Petroleum Conference on Production and Reservoir Engineering, 20–21 March, Tulsa, Oklahoma
Fracturing has become an important stimulation method both for production and injection wells in secondary recovery operations. The increased percentage of oil produced by secondary recovery makes studies of the effect of fracturing increasingly important.
There are several reasons why secondary recovery wells should be fractured. Fracturing often makes possible recovering more oil from the reservoir than could otherwise be produced. A reservoir's permeability is so greatly increased that a faster flow of fluid through the reservoir can be obtained under given differential pressures. This condition extends the reservoir's productive life.
In some cases fracturing reduced injection well operating pressures, perhaps eliminating the need for high pressure injection equipment. Fracturing often makes profitable oil recovery possible in a reservoir which otherwise could not be considered commercial. Such a situation may occur after prolonged waterflooding or early in the life of a water flood project.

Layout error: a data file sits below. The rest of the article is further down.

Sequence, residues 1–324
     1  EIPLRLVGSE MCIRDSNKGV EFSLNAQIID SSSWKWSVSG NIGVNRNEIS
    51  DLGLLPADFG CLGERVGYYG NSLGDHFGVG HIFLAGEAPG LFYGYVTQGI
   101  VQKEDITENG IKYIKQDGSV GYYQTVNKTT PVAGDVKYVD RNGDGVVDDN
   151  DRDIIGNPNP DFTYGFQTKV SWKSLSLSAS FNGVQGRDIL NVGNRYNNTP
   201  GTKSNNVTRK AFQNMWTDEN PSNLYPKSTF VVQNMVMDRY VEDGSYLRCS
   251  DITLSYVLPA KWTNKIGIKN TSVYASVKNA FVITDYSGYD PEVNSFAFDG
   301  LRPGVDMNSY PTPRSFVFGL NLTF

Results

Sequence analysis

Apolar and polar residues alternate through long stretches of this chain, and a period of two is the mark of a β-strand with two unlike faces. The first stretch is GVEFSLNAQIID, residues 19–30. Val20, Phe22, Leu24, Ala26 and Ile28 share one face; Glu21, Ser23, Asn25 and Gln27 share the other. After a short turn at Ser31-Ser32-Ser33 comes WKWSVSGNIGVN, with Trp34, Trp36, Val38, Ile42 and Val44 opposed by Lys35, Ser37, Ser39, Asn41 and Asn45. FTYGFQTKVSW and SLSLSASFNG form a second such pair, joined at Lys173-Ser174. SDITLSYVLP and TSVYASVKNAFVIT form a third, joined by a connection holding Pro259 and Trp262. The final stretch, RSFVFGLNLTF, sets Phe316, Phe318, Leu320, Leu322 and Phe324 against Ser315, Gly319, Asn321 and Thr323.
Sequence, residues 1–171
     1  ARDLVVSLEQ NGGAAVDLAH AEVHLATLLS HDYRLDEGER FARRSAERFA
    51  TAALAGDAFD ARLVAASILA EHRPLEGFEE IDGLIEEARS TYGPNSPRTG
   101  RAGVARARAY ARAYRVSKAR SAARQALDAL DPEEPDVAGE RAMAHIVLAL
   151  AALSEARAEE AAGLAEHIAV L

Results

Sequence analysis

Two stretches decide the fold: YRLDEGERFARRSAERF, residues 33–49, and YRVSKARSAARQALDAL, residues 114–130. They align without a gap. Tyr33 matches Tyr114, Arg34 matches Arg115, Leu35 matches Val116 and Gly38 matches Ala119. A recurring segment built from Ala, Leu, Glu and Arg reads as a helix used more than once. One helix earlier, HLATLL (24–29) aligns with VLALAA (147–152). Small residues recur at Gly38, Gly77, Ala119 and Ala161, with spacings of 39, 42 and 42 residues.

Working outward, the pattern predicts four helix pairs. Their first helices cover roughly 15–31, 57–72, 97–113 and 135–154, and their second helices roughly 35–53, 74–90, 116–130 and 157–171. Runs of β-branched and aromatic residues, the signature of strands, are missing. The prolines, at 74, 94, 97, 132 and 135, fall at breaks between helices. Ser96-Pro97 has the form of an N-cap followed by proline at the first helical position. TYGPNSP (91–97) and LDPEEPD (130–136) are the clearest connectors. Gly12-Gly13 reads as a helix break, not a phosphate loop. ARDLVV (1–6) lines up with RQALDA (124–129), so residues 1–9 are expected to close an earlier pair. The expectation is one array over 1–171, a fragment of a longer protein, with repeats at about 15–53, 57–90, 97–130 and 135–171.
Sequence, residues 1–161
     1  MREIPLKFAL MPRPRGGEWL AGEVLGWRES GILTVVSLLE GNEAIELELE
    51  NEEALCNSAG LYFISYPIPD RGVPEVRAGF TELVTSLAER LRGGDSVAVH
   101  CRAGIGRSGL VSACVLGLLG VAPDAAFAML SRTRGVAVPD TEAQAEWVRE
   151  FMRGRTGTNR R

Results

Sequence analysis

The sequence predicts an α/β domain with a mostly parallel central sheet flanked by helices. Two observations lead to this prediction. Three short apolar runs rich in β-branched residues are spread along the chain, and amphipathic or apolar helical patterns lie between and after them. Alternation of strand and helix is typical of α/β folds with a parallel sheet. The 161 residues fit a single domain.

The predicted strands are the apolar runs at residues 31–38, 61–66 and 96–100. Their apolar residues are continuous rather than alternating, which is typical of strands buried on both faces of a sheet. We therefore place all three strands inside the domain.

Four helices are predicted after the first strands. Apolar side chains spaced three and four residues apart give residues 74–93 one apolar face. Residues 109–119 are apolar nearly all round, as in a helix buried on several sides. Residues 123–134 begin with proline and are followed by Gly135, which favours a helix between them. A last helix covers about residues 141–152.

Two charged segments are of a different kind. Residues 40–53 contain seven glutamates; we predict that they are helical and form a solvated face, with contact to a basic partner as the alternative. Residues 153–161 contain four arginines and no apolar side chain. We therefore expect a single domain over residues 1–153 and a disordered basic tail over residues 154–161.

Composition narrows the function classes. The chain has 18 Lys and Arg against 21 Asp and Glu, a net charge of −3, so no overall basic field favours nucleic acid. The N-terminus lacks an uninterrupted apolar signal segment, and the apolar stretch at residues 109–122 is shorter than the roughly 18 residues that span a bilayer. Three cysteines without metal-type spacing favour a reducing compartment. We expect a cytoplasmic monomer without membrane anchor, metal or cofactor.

Several factors should be considered in selecting wells to be fractured. After water injection is started, several months may elapse before the formation's void spaces are filled. Many operators use as a rule-of-thumb that a product ion well should be fractured if it has not responded satisfactorily after one and a half times the calculated fill-up volume has been injected into off-set wells. This rule-of-thumb has been used frequently, and, in most cases, the fractured wells have responded immediately.
If an individual production well has begun to produce large amounts of water it should not be fractured. A fracturing treatment would probably increase water production, rather than oil production. However, a repair job [for example using latex-cement or plastic] may successfully shut off the water and make a fracturing treatment feasible.
In case of injection wells, fracturing treatments are often performed simply because the well does not accept water properly. This situation may occur when production wells are converted to injection wells or when new injection wells are drilled.